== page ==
A Civil War Primer at Gettysburg

We discovered that Gettysburg National Military Museum and Battlegrounds was not quite 20 miles away from us at Gettysburg Farm RV Resort.


We decided to take the day and go see. We are not history scholars. Yes, we enjoy historical museums and find that the information usually does not completely match our schooling from our younger years. We have not previously taken the time to study history of the various parts of the USA over the past forty years.

Since we are now full-time travelers, it is time for us to try to fill in many blanks in our education on this subject.  This was a Civil War Primer for us.  We won’t try to explain or show our ignorance on the subject, but will share what we experienced. It was a fascinating stop.


Gettysburg was and is a charming quiet place for such sadness of bloodshed

We had no idea of the vast area of the battlegrounds, nor the enormity of the casualties and that it was a 3-day battle at Gettysburg. This was a project that needed much more time than we had to give.  We were moved at what we saw and the solemnity of it all.


We started as usual at the Visitor Center to try to get our bearings and make a plan for an afternoon. We were lucky to catch a showing of the intro film, narrated by Morgan Phillips within 10 minutes of our arrival. That gave us the background to understand the why’s and how’s behind the State’s succession and the extinct of the conflicts between the southern States and the Federal Government.

From there we went to the Cyclorama.  Which is a painting on canvas hung from the ceiling and goes 360 degrees around the room. It too is narrated and has tremendous sound and visual effects. We felt like we were in the middle of the fighting and looking for a place to hide from the battle cries, the cannon balls firing from all directions and the noise of the gunfire.   It was so frightening in simulation, that I can’t imagine what it must have been to live through or worse to be maimed or to die there on the fields.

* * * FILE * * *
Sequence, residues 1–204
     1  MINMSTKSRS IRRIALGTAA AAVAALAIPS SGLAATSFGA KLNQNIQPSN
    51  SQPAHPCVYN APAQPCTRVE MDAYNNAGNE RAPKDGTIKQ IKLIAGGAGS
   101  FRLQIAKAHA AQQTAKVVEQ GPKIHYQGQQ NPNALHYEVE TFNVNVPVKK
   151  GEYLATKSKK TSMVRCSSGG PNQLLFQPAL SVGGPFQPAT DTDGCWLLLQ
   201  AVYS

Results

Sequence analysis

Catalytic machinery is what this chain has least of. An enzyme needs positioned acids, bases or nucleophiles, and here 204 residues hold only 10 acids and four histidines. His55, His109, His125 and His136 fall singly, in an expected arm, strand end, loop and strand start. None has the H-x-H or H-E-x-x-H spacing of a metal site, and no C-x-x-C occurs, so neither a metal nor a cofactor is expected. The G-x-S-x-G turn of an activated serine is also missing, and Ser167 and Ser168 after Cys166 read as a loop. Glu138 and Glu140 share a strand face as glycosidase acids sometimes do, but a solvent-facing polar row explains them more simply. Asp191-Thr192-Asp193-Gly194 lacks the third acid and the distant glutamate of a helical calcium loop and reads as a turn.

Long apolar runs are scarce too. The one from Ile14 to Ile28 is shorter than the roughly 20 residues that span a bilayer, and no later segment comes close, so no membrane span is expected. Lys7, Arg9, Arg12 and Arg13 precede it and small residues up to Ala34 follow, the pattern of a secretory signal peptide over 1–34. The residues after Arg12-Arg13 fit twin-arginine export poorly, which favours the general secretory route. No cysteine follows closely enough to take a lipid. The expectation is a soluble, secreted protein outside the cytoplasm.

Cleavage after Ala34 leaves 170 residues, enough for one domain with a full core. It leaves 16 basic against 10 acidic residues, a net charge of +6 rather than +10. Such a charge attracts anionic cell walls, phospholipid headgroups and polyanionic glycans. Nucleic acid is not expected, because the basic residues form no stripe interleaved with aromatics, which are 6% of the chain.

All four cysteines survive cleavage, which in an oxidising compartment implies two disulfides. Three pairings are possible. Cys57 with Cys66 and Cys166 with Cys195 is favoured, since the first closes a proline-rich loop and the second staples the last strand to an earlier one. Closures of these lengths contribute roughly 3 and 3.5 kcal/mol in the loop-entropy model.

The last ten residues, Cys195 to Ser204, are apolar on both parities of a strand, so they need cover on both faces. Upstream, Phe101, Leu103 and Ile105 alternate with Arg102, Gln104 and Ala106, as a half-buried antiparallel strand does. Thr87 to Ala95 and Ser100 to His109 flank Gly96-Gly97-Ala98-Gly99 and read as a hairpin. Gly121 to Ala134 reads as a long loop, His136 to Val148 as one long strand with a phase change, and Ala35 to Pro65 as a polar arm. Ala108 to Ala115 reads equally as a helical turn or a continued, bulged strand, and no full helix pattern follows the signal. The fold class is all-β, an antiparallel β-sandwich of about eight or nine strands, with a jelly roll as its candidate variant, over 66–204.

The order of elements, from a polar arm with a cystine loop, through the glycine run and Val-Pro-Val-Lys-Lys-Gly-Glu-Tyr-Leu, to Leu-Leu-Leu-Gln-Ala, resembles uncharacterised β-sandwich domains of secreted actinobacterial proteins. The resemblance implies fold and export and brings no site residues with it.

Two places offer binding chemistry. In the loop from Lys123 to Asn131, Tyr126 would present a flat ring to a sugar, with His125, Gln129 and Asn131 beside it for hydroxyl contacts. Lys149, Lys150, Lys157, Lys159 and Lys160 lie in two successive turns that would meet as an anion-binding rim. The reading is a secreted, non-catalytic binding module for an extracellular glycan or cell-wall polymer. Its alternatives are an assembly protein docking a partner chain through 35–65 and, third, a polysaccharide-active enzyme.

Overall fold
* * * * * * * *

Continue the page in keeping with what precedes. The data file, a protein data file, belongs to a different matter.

After the cyclorama we took ourselves to the museum. It was a collection of time period artifacts and short films depicting the life of those who lived here during that time. There were slave shackles and invoices of sales, there were examples of Confederate and Northern uniforms, arms, supplies and displays of everyday life for a foot soldier as well as for the officers.


We grabbed a bite to eat at the food service and headed out with a CD disc guided tour of the battlegrounds. This alone is over 2 hours to complete the tour at a minimum. However, it was so interesting and vast. The landscape is basically the same.


Once a battlefield

The audio on the CD narrates the circumstances, the goals of each Commander or leader on each side, the struggles that the soldiers had to deal with and the outcome. How many casualties on each side and who won or lost.


The stops along the way were of battles at each site and the regiments that fought on both sides.  There were statues, stones and other forms of artwork depicting the battle.  We were in awe as we solemnly drove through the various battlegrounds.


Our final stop of the day was fitting.  It was the National Soldier’s Cemetery, where President Lincoln gave his Gettysburg Address during a dedication of the cemetery.


Graves with identities on the stones



The enormity of unknown soldiers buried here


President Lincoln dedicated this cemetery with his famous Gettysburg Address.

As we say over and over, we wish we had more time here to discover the many more aspects of this area.  Maybe next time…..


I remember memorizing his Gettysburg Address in high school

2 thoughts on “A Civil War Primer at Gettysburg

  1. I can see how one could feel they were there, it would make one very sad to think of the loss of life think how many mothers and wives would wonder where/how their loved ones died


    • Thanks Jo, You said it aptly. It was so very sad that families were torn apart in the dispute between the states and then not all men return home, leaving their loved ones wondering if they were living or dead.


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